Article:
MHG3105 - Township - Ballone


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Type and Period (1)

  • TOWNSHIP (Undated)

Protected Status

Full Description

NH63SE 80 674 324.

The remains of this township stand some 400m SE of Ballone farmhouse on a terrace above the floodplain of the River Nairn. Fifteen buildings and five kilns can be identified, and two rectangular platforms may indicate the sites of other buildings. The buildings stand either on the terrace itself or on the ESE-facing slope above it; most of them aligned along the slope, while all but one of the kilns are situated to the NE and set into the ground as it drops towards the river. The buildings can be divided into two groups on the basis of their construction materials: seven have walls of turf, usually on top of stone footings, while six are constructed of faced rubble. Two buildings are too badly robbed to ascribe to either group.
The turf buildings range from 10.8m to 24m in length and from 4.3m to 8.7m in breadth over walls which in one case (USN93 165) are 0.7m thick, but otherwise are spread to as much as 2.6m. Little survives of them beyond their bare outlines; two (USN93 162 and 172) are divided into two compartments, and although USN93 165 is depicted on the 1st edition of the OS 6-inch map (Inverness-shire 1874, sheet xxxi) with a bedneuk, this is no longer visible.
The largest of the stone-walled buildings are USN93 177 and USN93 178, which measure respectively 15.6m in length by 4m in breadth and 16.2m in length by 3.7m in breadth within walls measuring about 0.7m in thickness and up to 1.6m in height. They form the E and W sides of a courtyard, with a third building, which is still in use, forming the S side. The E building (USN93 177) has a bedneuk, fireplace and windows, and at, its S end, part of a turf gable survives. The other building is equipped with an internal drain, which runs through the door into the yard. The other stone buildings are not as well preserved and display few internal features: USN93 163 is divided into two compartments, and USN93 167 appears to have had an open E side, suggesting that it may have served as a cart-shed.
The kilns all consist of a stone-faced bowl set into the slope and measuring between 0.9m and 3m in diameter. One (USN93 175) has a possible barn on its SSE side. At the N end of the settlement, on a knoll immediately to the NE of buildings USN93 172-3, is a group of four shallow pits, each measuring about 2m in diameter. Similar features have been noted close to other townships in Upper Strathnairn, and they are probably storage pits.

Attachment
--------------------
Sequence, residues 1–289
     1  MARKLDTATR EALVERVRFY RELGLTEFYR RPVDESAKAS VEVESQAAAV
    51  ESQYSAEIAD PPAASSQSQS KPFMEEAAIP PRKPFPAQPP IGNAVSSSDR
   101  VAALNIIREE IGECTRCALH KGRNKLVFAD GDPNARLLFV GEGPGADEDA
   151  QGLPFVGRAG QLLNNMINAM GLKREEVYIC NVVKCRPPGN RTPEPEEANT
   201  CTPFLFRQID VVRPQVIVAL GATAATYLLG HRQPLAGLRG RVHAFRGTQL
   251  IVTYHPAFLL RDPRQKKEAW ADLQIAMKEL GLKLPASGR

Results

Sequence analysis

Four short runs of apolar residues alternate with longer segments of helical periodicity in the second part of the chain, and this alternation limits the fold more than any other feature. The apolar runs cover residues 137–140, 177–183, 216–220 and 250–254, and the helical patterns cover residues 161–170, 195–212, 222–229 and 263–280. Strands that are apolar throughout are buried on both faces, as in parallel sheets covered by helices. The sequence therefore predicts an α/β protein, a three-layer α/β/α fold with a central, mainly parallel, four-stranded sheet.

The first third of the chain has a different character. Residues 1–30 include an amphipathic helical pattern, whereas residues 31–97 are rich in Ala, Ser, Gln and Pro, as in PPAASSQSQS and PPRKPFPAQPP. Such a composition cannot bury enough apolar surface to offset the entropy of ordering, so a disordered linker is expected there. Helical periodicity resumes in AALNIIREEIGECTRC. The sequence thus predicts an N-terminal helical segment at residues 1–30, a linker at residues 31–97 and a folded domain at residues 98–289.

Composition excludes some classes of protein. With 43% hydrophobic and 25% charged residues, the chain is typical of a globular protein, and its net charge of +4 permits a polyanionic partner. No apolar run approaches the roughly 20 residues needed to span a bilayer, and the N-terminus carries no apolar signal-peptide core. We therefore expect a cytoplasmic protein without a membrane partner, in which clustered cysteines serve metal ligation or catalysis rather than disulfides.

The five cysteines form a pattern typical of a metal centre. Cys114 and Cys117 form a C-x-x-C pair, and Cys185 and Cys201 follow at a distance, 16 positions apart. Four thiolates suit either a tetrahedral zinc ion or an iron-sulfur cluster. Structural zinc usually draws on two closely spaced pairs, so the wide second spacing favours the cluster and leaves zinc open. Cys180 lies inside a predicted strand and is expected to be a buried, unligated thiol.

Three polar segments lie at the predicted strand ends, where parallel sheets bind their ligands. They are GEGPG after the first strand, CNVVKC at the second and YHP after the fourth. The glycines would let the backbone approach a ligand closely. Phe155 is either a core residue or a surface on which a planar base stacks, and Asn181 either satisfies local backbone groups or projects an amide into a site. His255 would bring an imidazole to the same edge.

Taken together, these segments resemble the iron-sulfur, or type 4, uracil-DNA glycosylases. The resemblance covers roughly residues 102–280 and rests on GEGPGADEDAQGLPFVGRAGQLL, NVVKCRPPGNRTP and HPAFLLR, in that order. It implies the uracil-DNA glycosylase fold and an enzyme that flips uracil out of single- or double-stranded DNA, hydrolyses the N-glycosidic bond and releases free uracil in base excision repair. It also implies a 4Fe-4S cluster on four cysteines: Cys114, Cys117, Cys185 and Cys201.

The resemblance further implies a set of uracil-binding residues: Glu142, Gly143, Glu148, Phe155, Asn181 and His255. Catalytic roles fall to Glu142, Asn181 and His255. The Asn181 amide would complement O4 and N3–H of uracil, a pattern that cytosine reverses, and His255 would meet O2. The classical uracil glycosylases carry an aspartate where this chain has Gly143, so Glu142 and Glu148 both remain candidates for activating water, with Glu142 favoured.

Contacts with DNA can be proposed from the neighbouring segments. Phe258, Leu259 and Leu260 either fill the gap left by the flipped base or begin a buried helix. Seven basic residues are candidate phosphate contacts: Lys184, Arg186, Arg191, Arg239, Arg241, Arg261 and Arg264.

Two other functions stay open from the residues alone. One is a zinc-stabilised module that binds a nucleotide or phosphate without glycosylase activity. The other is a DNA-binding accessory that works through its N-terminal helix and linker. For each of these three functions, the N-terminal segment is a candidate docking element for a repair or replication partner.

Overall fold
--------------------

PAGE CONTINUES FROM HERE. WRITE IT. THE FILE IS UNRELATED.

A settlement, named Cnoc Firikin, is marked here on a plan of Drumboy, 'part of the lands of Inverness Castle', dating from c.1760 (SRO: RHP 1841). Four buildings and an enclosure are depicted, but in a stylised fashion, so they cannot be identified with any remains now visible. The 1st edition of the OS 6-inch map names the settlement 'Glenfirachan'.
At the time it was described as 'a small farm, the dwelling house and offices are one storey in height, thatched and in ordinary repair' (ONB 1871). From the evidence of this map the turf structures are earlier than the stone ones: only one of the former (USN93 165) is depicted, and it is shown as unroofed while five of the six rubble-walled buildings are shown as roofed.
This development from an informal layout of buildings to a more clearly planned courtyard steading is paralleled 1.3km to the W at Dunlichity (NH63SE 85). By the time of the 2nd edition OS 6-inch map (Inverness-shire, 1905, sheet xxxi) only two of the courtyard buildings, USN93 177 and the building adjoining it (which remains in use) were still roofed.
(USN93 162-181, 470)
Visited by RCAHMS (SDB) 3 November 1992. <1>

A township, comprising five roofed buildings of which one is L-shaped, two unroofed buildings and four enclosures is depicted on the 1st edition of the OS 6-inch map (Inverness-shire 1874, sheet xxxi). One roofed building, two unroofed buildings and four enclosures are shown on the current edition of the OS 1:10000 map (1975).
Information from RCAHMS (AKK) 1 July 1996.

The township was scheduled by Historic Scotland in 2007.

During a walkover survey in June 2009 at least 5 roofless, stone buildings and an enclosure were identified centred on NH 67502 32508. A slate roofed building was also identified which post-dates the surrounding structures. A watching brief is recommended during works in this vicinity so that any associated remains and be identified, recorded and preserved. <2>

The Scheduled area, name and description were amended by Histroic Environment Scortland in 2022. <3>

Sources/Archives (4)



Grid reference Centred NH 6747 3247 (208m by 271m)
Map sheet NH63SE
Geographical Area INVERNESS

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